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Unformatted text preview: Introduction to
Computer Graphics
CS 445 / 645
Lecture 12
Chapter 12: Color Test
Sections from Hearn and Baker
• All of Ch. 2 except sections: 5, 6, and 7
• All of Ch. 3 except sections: 10, 11, 12, 13, 14, 16, 17end
• Ch. 410
• All of Ch. 5
• All of Ch. 6 except sections: 9 and 10
• All of Ch. 7 except sections: 11 and 12
• Appendix sections A1, A2, A5, and A7 Homework
• Questions to help get ready for test
• Will be graded for effort
• Download from class website
• Work individually
• Use of the web is allowed Canonical View Volume
A standardized viewing volume representation
Parallel (Orthogonal)
Parallel
x or y Front
Plane 1 1 x or y Back
Plane 1 Perspective z Front
Plane x or y = +/ z
Back
Plane
z Why do we care?
Canonical View Volume Permits Standardization
• Clipping
– Easier to determine if an arbitrary point is enclosed in
Easier
volume
volume
– Consider clipping to six arbitrary planes of a viewing
Consider
volume versus canonical view volume
volume
• Rendering
– Projection and rasterization algorithms can be reused Projection Normalization
One additional step of standardization
• Convert perspective view volume to orthogonal view volume
Convert
to further standardize camera representation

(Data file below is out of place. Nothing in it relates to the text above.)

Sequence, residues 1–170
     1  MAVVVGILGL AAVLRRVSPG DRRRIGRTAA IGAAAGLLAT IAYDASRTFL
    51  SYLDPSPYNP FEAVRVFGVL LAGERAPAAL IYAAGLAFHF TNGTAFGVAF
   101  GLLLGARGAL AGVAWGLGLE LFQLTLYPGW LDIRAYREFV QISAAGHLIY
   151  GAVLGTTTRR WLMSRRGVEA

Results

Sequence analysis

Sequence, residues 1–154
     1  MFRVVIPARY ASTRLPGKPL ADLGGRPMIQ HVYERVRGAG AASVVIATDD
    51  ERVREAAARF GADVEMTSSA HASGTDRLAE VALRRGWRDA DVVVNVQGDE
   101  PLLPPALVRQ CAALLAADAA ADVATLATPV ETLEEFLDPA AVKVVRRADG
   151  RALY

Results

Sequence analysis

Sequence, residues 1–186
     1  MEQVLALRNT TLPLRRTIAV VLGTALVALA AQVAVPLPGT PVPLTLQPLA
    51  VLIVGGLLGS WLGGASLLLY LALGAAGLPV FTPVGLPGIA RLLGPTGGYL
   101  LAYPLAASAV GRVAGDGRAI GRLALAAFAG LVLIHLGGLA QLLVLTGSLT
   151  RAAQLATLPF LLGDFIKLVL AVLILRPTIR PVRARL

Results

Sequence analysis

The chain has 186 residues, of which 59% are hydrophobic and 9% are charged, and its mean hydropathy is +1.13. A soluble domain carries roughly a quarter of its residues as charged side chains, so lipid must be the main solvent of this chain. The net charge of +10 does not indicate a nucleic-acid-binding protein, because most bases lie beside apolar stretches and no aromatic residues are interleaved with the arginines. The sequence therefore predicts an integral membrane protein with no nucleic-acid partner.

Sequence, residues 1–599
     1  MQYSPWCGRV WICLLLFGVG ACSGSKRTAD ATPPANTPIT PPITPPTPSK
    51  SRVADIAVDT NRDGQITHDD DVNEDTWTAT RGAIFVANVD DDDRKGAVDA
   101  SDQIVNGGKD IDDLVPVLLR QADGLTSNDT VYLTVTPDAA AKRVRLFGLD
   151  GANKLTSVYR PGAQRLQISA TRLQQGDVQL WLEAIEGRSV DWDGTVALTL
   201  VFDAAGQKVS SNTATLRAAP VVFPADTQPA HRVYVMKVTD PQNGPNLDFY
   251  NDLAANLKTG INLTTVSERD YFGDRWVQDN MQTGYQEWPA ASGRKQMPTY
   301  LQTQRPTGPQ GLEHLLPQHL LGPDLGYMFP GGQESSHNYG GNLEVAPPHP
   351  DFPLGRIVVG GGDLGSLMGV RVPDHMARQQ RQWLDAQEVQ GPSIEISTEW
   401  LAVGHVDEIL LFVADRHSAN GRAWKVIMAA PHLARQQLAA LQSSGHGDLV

to
– Convert all projections into orthogonal projections by
Convert
distorting points in three space (actually four space
because we include homogeneous coordinate w)
because Distort objects using transformation matrix Projection Normalization
Building a transformation
Building
matrix
matrix
• How do we build a matrix that
– Warps any view volume to
Warps
canonical orthographic view
volume
volume
– Permits rendering with
Permits
orthographic camera
orthographic All scenes rendered
All
with orthographic
camera
camera Projection Normalization  Ortho
Normalizing Orthographic Cameras
• Not all orthographic cameras define viewing volumes of right
Not
size and location (canonical view volume)
size
• Transformation must map: xmin ¡ ! ¡ xmax ¡ ! ymin ¡ ! ¡ ymax ¡ ! zmin ¡ ! zmax ¡ ! ¡ Projection Normalization  Ortho
Two steps
• Translate center to (0, 0, 0)
– Move x by –(xmax + xmin) / 2 • Scale volume to cube with sides = 2
– Scale x by 2/(xmax – xmin) • Compose these transformation
Compose
matrices
matrices
– Resulting matrix maps
Resulting